149

@Pondlife gave a very good answer, and I'll add a few bits to that. Even after having gotten my license, I still use flight sims (mainly Microsoft FSX and X-Plane 10) for some practice. Before flying into an unfamiliar airport, or over an unfamiliar area, I'll often load it up in a simulator, and fly it. Especially when I was a student, I found this ...


59

It can definitely help: when I did my instrument rating my instructor used MS FS to walk through (fly through?) various procedures before doing them for real. He also used it for NDB training because the aircraft we used didn't have ADF. I found it very useful, and if I had bought it myself it would probably have saved me a lot of time and money. The main ...


47

It isn't true, not as an indictment of the simulator software community as a whole anyway. It may be that your pilot friend doesn't have experience with modern simulators, let's take X-Plane for example... X-Plane has a "professional use" version, which is simply the regular X-Plane with a commercial license and a few extra features. The underlying software ...


40

Well, "5 to 10 feet" is not "slightly." One or two feet is "slightly," and in that case you can maintain your landing attitude or pitch very slightly nose-down -- really a matter of the slightest change in pressure, not really a perceptible change in pitch -- and you'll land soon after that. However, for a larger bounce, the concern, especially on the ...


39

X-Plane is a much truer simulation of flying than that flight game Microsoft used to make. In fact, when coupled with certified hardware and a CFI, X-Plane can power a sim that you can actually log FTD time in. Since you ask about airline flying for your comparison, there is a lot more to that than just the flying. An airline pilot is, with few exceptions, ...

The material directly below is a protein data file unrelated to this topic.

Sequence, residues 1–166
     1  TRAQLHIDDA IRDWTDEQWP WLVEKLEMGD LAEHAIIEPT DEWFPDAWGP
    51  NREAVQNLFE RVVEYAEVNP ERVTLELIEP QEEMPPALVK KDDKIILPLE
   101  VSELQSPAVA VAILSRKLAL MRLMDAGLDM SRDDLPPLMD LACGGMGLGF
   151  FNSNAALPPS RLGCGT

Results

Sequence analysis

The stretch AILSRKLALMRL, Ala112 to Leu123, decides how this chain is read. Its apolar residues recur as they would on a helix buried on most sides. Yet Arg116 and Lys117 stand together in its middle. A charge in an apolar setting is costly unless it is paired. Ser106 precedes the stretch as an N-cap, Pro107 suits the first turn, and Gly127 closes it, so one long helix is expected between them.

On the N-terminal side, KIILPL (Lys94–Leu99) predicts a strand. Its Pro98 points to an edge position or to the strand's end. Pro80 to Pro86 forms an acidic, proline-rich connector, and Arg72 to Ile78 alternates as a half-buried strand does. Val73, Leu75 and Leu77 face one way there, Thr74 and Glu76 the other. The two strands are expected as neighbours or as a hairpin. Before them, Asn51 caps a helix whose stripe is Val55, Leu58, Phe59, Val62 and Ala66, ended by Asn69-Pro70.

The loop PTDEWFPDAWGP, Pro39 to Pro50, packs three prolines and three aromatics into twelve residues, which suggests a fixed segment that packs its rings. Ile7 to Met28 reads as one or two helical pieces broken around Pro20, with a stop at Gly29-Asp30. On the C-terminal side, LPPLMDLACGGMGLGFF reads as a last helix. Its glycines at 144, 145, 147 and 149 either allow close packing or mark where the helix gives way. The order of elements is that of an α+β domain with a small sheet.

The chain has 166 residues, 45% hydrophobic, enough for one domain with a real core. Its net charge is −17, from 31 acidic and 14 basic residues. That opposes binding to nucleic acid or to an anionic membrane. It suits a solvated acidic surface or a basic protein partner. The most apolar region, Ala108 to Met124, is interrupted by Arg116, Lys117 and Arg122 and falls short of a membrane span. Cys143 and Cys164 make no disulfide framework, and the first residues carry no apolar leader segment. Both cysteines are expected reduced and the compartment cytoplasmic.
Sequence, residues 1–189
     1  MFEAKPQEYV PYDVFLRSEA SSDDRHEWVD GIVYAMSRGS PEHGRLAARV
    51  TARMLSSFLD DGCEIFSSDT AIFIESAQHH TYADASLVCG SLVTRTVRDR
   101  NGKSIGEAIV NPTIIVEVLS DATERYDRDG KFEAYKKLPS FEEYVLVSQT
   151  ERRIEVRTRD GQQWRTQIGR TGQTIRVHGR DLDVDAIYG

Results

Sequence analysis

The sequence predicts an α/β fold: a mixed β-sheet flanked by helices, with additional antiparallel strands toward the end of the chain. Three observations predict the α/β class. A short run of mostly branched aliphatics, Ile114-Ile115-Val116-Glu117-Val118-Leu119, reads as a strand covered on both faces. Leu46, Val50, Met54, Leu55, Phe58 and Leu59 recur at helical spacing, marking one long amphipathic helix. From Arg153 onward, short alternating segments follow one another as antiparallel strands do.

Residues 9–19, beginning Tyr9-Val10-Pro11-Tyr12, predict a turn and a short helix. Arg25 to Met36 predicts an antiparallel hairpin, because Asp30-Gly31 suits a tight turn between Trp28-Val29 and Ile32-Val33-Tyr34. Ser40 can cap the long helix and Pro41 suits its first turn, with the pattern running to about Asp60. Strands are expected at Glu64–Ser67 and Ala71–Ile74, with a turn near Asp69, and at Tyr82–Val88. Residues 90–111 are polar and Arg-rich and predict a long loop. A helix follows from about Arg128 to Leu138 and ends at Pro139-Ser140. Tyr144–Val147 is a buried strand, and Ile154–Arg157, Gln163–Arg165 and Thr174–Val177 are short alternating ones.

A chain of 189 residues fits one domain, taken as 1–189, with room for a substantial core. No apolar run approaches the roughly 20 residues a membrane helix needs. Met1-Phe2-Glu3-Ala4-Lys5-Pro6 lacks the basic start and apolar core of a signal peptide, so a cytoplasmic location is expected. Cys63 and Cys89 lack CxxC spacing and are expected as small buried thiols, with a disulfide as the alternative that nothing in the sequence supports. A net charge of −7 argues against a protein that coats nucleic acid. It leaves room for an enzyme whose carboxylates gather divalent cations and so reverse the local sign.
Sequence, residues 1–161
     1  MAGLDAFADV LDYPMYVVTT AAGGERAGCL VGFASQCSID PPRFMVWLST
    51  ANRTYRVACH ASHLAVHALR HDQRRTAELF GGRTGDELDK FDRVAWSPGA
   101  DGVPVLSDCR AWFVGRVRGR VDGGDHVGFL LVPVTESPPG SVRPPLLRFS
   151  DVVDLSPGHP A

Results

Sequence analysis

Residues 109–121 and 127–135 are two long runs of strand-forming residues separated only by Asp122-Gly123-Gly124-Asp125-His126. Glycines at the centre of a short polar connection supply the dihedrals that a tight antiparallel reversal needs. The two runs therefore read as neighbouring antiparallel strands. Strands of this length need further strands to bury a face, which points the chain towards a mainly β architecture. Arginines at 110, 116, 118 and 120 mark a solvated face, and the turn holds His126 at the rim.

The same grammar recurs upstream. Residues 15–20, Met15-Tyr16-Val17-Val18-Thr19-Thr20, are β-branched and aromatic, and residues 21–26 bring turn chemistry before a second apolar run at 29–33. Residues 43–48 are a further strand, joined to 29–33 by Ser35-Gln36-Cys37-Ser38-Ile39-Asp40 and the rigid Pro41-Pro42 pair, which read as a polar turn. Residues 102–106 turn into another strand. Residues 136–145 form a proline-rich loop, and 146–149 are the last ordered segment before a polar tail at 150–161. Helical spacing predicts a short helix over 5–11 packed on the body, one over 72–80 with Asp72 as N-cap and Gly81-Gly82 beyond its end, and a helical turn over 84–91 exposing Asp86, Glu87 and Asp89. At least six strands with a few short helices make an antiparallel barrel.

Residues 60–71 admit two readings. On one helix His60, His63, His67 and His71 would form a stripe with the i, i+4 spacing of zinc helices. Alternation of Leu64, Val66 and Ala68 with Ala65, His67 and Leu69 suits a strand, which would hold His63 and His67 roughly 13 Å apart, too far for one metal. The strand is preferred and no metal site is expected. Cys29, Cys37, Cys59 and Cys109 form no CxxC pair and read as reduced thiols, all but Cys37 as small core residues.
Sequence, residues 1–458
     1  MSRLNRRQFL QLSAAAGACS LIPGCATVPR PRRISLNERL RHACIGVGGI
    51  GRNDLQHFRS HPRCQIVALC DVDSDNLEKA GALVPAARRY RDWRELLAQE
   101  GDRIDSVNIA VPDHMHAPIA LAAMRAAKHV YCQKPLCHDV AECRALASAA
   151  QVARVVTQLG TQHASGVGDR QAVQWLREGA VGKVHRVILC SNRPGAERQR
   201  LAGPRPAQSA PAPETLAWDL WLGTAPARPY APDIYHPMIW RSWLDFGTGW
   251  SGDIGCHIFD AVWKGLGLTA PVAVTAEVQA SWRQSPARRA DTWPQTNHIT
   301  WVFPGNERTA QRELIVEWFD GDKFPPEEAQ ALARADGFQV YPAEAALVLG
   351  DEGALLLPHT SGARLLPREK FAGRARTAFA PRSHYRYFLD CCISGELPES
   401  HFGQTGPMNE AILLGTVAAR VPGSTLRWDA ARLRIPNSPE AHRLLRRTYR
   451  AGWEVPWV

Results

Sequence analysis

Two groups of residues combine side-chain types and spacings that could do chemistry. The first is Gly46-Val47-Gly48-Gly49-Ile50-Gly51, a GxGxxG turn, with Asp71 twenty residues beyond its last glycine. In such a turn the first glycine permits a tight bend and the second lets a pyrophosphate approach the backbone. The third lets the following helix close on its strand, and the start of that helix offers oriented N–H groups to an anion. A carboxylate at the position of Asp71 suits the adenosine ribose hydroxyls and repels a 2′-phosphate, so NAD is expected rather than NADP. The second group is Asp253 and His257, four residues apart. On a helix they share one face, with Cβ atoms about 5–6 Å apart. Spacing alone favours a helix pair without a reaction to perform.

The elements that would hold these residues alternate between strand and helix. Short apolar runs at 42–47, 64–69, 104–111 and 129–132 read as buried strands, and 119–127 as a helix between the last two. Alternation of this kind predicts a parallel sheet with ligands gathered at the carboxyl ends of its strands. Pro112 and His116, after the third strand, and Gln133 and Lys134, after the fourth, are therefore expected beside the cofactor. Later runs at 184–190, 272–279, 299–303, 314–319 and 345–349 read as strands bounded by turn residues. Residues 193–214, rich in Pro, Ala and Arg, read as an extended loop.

36

I believe that there's an element to this question which has not been covered. This is very much a personal response. Your question specifically asks whether it can help you to learn how to fly or become a better pilot. This is actually two questions in one. Physical and mental limitations not withstanding, I would say that just about anyone can learn ...


33

X-Plane offers a "Professional Level" which is mostly about licensing. However X-Plane also has an FAA certified version that if paired with proper controls is legal for certain training/instructional hours. You can find more info on the FAA's approved simulators here and here. The flight school I trained at had a certified sim from the 80's that was pretty ...


30

Almost every pilot learns to fly in an actual aircraft, this is one of the reasons all trainers have dual controls. My first day out, ever, was in an actual plane, behind real controls, in the sky. No sim-time prior to that. The instructor talked me though takeoff and maneuvers (keeping an eye on everything and operating the rudder). All he did was radio ...


29

I posted this answer on FB a while back: I’m a commercial pilot as well as a flight sim fan with somewhere in the neighborhood of 7000 hours logged on Flight Simulator and Falcon 4.0 games. I disagree with the assertion that the sims are so different from the real thing. While it is true that the kinesthetics of being in a real airplane are different from ...


29

When pilots are trained for flying in an aircraft type they have not flown in before, they go through type rating, then line training. During the type rating, they learn where all the instruments and buttons are, what starts which system, how the plane behaves, how to land and auto-land etc. During line training, they spend time in the cockpit together with ...